Step-sisters Maryum and Hana Ali plan to visit their 72-year-old father in Arizona on their return from London and sit down to watch it with him — in silence.
"If you even speak when you watch anything to do with him, he'll say 'Shh,'" Hana said Tuesday with a smile.
"I Am Ali" mixes interviews with Ali's family and inner circle, with archive footage and personal audio recordings. Maryum and Hana both feature, looking back at their childhood years with Ali.
"For me it was bittersweet," Maryam said. "He was famous in boxing when I was a kid. I had to share him with the world, at the same time the world loved him. so we were able to receive the love."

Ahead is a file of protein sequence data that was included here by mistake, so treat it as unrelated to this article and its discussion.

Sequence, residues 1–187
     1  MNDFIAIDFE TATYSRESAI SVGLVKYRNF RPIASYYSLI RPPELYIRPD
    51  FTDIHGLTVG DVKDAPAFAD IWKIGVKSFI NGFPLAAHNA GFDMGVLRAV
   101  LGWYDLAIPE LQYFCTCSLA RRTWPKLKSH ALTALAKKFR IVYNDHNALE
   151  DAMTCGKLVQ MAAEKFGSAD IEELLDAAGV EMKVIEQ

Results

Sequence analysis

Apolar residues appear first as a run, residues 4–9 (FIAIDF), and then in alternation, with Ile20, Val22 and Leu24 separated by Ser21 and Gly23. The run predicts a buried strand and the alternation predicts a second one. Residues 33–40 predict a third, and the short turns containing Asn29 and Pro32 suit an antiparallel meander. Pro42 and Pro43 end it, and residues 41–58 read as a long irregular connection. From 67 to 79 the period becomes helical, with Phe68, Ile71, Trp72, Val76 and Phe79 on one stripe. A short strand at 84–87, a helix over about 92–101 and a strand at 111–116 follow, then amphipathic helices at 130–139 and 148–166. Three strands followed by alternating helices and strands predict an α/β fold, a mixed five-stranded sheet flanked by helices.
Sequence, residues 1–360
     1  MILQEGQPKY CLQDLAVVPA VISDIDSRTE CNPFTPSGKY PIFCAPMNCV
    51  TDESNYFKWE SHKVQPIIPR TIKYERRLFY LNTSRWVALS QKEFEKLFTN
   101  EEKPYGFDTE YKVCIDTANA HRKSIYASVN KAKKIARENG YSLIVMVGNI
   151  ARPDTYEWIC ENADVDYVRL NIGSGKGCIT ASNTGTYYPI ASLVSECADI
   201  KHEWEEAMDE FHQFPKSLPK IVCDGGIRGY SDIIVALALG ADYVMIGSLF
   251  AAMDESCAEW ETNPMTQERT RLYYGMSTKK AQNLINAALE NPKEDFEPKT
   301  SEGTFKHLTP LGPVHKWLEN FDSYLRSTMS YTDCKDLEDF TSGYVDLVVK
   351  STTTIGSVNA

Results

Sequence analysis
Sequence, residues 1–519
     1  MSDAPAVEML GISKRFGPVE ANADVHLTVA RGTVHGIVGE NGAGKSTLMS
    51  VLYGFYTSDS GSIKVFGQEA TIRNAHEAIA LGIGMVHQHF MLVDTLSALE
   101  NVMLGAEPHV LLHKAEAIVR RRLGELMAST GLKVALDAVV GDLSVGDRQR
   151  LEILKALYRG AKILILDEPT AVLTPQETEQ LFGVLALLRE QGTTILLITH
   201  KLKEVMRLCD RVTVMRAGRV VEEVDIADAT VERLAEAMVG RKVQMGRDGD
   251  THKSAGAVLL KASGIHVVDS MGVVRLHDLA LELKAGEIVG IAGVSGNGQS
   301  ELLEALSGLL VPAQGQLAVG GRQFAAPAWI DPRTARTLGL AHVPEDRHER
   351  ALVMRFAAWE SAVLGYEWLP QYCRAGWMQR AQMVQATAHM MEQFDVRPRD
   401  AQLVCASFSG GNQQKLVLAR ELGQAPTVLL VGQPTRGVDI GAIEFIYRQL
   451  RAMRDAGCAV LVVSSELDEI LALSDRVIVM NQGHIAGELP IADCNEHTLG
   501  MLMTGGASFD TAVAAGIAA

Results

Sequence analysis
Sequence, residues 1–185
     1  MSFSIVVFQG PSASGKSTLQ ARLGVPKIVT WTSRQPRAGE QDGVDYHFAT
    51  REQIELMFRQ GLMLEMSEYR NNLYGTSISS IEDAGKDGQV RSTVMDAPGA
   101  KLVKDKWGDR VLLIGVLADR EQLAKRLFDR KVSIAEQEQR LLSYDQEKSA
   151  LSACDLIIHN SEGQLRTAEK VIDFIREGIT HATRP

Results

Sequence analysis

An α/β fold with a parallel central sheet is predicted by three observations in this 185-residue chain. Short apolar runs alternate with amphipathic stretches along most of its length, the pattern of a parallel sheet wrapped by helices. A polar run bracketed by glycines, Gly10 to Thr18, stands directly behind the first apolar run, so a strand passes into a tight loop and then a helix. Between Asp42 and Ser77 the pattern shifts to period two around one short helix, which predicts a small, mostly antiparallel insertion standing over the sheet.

And despite the fact she used to "come home to Michael Jackson sitting in the living room", Hana adds that Ali made sure his children stayed down to Earth.
"I grew up going to school and bragging a lot 'my daddy is Muhammad Ali, I can do what I want to do,'" she said. "And he used to sit me down and tell me how just because I'm famous the world's going to treat you different. They're going to treat you special, but you're no better than anybody else and the only thing that makes you greater than anyone is your heart.'"
Ali, who has been suffering with Parkinson's disease since the 1980s, is enjoying life and doing well, his daughters said.
Ali "enjoys his life. He's at peace. He gets good care," eldest daughter Maryum said.
When the media speculates about Ali's health, the former boxer asks his daughters "Did I make the front page?" according to Hana, Ali's daughter with Veronice Porche.
"He's so funny. He's like 'I'm not dying.' I think he thinks he's going to live forever."
Maryum reassured fans that "unless it comes from the children or his wife, you can't believe anything you hear about his health."
"I Am Ali," by filmmaker Clare Lewins, will be released in Britain on Friday.